Five Principles for Effective Online Professional Learning


Since the onset of the COVID-19 pandemic, schools and training providers have become more dependent on digital learning techniques and tools to provide continuous professional development for teachers. But no evidence has been collected so far on whether these online learning resources and platforms are well-designed and meet the needs of teachers.

Life Ed Australia (LEA) is rolling out a professional learning program supporting its Being Healthy, Being Active project. To ensure its success, the LEA commissioned ACER to conduct a rapid literature review to find evidence of the development and dissemination of online resources for teachers and to provide guidance recommendations. In our analysis of the design features of the evaluated interventions, we also compiled a list of key success factors.

We sought to find out:

  • whether e-learning platforms that provide resources to teachers are meaningful, engaging and user-friendly
  • what modes and formats of delivering online resources are most appropriate within their reach, especially for those in rural and remote areas
  • which modes and formats of online resources would be best suited to Life Ed’s Being Healthy, Being Active project.

Professional learning is a challenging area of ​​research because it involves many intersecting factors. From our analysis of the 28 articles included in the review, selected from 767 references, the researchers identified five core principles to guide the design and delivery of digital professional learning resources and made a recommendation for each principle. .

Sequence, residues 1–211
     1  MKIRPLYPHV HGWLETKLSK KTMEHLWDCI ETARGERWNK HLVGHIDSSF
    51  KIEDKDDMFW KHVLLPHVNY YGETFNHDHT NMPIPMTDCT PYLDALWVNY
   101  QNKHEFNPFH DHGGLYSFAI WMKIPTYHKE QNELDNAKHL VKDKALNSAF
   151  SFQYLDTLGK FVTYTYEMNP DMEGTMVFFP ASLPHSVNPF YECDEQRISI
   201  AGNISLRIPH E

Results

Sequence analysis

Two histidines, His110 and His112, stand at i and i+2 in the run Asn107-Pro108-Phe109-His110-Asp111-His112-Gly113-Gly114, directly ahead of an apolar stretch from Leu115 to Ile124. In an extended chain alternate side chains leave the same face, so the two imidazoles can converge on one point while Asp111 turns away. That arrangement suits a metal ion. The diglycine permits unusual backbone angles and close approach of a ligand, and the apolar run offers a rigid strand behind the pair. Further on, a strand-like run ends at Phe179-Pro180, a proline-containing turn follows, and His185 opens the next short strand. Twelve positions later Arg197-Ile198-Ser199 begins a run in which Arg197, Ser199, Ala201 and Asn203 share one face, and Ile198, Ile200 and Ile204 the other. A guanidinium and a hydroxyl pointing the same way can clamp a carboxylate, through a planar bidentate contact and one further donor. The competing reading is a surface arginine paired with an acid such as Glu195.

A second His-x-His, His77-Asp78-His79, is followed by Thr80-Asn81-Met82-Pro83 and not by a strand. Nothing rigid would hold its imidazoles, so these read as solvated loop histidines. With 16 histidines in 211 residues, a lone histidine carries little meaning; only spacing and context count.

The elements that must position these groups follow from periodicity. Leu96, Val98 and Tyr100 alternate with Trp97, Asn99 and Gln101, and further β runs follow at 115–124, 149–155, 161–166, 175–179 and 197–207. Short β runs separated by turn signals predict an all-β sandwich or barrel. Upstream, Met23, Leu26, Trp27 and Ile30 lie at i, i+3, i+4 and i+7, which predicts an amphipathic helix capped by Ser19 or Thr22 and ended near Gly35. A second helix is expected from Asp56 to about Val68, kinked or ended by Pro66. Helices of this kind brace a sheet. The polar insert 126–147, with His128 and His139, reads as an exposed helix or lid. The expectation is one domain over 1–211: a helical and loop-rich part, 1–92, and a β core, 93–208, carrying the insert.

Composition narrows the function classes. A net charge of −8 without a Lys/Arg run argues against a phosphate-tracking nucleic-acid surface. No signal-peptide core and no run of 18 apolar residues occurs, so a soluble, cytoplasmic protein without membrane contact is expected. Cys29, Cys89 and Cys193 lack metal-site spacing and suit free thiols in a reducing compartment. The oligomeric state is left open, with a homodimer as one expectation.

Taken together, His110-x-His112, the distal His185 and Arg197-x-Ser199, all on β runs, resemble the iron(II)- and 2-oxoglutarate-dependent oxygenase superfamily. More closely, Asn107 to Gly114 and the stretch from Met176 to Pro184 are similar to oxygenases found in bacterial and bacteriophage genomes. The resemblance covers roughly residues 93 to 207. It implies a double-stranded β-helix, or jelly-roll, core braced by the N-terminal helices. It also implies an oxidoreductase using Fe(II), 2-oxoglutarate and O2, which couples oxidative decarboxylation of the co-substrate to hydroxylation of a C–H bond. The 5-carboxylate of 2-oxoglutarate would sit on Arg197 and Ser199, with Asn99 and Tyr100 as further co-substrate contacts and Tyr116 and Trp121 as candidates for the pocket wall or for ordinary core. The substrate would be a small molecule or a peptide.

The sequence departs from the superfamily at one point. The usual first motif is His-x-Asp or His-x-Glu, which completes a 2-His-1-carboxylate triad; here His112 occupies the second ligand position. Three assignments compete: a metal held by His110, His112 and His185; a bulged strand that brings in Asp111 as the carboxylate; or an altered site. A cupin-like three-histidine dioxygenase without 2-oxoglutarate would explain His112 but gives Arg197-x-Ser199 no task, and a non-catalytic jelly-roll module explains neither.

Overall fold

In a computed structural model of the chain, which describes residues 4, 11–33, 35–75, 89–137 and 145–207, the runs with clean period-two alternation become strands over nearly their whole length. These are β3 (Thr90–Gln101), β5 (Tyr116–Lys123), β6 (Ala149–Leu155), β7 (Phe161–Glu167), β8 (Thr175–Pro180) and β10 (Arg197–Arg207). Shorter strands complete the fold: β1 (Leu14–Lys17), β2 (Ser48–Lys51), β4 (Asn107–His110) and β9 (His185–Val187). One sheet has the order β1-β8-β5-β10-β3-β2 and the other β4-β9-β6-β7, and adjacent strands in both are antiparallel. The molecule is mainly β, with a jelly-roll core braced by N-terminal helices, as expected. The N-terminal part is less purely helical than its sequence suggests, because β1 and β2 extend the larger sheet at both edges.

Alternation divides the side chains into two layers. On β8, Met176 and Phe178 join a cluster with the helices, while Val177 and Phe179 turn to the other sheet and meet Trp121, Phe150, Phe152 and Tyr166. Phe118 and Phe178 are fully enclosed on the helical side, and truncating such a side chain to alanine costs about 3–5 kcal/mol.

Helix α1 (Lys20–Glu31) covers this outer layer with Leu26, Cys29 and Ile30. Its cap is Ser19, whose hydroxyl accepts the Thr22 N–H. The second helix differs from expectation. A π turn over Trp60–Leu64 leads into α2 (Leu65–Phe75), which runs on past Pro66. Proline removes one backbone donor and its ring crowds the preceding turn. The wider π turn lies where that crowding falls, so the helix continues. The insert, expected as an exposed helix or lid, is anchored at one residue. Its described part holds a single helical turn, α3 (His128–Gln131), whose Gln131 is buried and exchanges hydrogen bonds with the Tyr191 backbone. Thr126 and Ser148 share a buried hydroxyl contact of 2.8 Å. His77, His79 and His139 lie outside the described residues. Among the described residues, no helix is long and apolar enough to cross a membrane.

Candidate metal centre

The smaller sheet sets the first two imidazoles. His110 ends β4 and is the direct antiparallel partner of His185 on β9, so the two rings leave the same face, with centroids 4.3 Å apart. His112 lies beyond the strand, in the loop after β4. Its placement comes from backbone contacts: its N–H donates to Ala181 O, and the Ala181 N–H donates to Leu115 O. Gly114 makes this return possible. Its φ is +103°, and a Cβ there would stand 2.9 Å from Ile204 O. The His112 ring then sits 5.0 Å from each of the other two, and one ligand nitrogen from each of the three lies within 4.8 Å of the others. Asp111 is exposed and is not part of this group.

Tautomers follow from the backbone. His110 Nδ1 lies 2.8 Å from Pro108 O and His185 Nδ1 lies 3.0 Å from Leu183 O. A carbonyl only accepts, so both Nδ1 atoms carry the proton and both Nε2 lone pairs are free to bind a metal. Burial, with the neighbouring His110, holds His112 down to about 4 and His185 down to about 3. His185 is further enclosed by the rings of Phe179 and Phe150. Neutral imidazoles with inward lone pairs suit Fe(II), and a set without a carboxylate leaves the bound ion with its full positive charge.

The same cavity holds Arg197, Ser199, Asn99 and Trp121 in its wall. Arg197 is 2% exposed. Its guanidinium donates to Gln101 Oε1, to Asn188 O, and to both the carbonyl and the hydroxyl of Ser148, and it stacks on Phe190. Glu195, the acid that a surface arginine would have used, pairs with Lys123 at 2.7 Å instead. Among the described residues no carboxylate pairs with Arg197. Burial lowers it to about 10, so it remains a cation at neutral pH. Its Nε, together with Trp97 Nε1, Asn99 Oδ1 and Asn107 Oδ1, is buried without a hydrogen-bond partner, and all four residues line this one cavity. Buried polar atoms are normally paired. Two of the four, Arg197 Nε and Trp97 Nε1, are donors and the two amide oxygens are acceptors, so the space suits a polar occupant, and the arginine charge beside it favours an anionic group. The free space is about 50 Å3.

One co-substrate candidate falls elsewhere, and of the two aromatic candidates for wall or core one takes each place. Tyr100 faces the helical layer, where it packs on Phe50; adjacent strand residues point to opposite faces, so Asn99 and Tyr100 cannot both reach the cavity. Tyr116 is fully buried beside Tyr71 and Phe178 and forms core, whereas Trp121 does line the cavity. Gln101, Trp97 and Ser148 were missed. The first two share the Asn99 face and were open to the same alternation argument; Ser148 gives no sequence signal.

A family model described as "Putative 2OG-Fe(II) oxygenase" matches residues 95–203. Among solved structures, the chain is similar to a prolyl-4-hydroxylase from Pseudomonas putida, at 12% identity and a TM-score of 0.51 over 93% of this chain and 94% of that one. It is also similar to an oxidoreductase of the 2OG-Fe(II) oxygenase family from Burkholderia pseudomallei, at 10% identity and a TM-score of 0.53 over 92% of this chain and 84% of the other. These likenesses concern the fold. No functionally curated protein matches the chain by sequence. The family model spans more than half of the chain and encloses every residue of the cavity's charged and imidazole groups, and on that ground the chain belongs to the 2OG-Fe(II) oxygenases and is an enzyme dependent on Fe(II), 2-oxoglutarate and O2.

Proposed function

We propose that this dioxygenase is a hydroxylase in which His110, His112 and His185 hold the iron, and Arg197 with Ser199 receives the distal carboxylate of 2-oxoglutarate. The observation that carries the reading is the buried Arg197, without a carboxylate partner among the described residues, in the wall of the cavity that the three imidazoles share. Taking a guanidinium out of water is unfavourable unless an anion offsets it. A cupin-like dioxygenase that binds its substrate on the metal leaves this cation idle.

1. Relevance

We have identified that the first principle guiding the design of digital professional learning resources is that they should be relevant and meet the needs of teachers. There is some evidence that teachers value resources designed to address specific curriculum elements; sites organized by curriculum themes and topics are popular. The review recommends that teachers participate in the design, testing and evaluation of professional learning programs and resources.

2. Educational value

Principle 2 is that the design of professional learning should have educational value and focus on learning. Researchers have found that the professional learning process is underpinned by learning outcomes, cognitive presence, assessment, and feedback. For a professional learning program to have educational value, it must demonstrate that the learning generally occurred through a learning assurance assessment or task. ACER recommended that the LEA could begin designing online professional learning when it had a solid understanding of learning outcomes and how it could effectively assess teachers’ learning of those outcomes.

3. Learning environment

Online professional learning programs and resources need to be usable and flexible. Principle 3 directs the LEA to provide a managed and flexible learning environment to meet the needs of teachers. The Australian Government’s Digital Transformation Agency’s Digital Service Standard Criteria provides guidance on designing and delivering simple, clear and fast online services. ACER recommended that the LEA examine the advantages and disadvantages of different modes of professional learning, including a mix of synchronous and asynchronous, and facilitated and self-directed approaches.